Aaron Zelin 101:
2:40 - Twitter is probably the most important headquarters in many ways for releases for most of the Sunni jihadi organizations.”
3:10 - The hope was to create a website that would be useful to other graduate students. I never thought it would be as a big or as popular as it has become. Now it’s not just graduate students looking at it, but that was the initial point of it.”
7:55 - For me, it’s about being able to better educate people in terms of seeing the full spectrum of what’s going on. In some ways, the website came about at a monumental change in the evolution of how these groups were acting and evolving, especially in 2011, 2012 and 2013 where it went from not just these pure terrorist or insurgent organizations but you really started to see a multitude of groups using social services and low level governance types of activities. And when you usually hear about these groups, at least in the media and the news and a lot of times many people talking about it in terms of military sensibilities – at least for me, as someone who doesn’t have a background in military or strategic studies but more as an area studies type of nerd, I’m more interested in the social, political, historical or religious language type of issues. I thought it was important to highlight this broader spectrum of activities that these organizations were doing because I think it can better help why there is the appeal for these groups more so now than in the past.
9:45 - Thomas Hegghammer
14:00 - Jurgen Todenhofer
15:03 - (on making sense of the information from a variety of groups) I think it’s important to look at what all the different factions are putting out, and figure out where they all line out together. From there, you can see which seems more credible and relevant...because you’re looking at it over time, over months and over years, you can sort of see the track record of these groups...and have a good idea of what is deemed credible based off of your own experience. So part of it is just doing this over time, and being able to really know these types of sources.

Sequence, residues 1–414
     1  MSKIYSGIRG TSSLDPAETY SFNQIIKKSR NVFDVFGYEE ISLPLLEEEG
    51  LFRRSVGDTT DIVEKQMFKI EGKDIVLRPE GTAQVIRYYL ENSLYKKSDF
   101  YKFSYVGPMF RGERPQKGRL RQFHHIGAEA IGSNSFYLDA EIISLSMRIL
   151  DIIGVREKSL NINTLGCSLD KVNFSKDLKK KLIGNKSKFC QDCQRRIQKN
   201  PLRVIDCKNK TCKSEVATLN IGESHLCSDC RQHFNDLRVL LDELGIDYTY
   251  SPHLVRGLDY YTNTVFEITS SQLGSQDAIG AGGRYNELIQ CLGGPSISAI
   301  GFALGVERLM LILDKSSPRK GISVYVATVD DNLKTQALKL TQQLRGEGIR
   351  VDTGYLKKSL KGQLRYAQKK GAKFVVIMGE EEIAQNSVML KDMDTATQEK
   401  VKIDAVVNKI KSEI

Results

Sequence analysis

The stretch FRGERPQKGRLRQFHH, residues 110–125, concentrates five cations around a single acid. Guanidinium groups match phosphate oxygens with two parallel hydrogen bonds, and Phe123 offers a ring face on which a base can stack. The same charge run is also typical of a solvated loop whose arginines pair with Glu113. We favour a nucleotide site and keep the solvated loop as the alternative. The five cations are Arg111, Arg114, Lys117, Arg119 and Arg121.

18:35 - (on refuting the allegation that you’re supporting these groups or acts by hosting their material) I think it’s becoming more of an issue because more individuals are aware of this than they were in the past and it seems more immediate. When I started the site, I was worried about enabling people...I definitely do worry. But I try not to censor it because I think it’s important to see what’s going on, but there are some cases where I won't post things when I know there’s a video (for example) that the group is trying to use to get attention...because I don’t want to be part of broadening these message.
33:33 - Dan Drezner
People he follows for news:
43:07 - My approach isn’t all that technical. It’s really just a lot of files on my computer. Sometimes it’s by group or by specific countries, or media outlets, or individuals. And I save content into them on a daily basis. Even if I’m not doing research on that topic at that particular moment, I still save it and archive it so that if I wanted to go back and look at it, I’ll have it there.
46:47 - I started studying Arabic my freshman year of college, and really just did it because it seemed interesting… it was more my own curiosity at the time. But as I did my master’s degree and began researching, I began seeing the value of it and I think that’s part of the reason I was able to get my job at such a relatively young age, but also to get people to notice and respect my work. I would say that’s one of the single most important aspects. Hard work is important, but having that skill on top of that is crucial.
51:03 - Cole Bunzel
52:15 - (on learning languages) I’d recommend starting to learn as soon as possible. And then I would highly recommend studying abroad as well, so you can learn a dialect and really get a feel for the culture and the people on the ground.
52:40 - Middlebury’s Arabic Program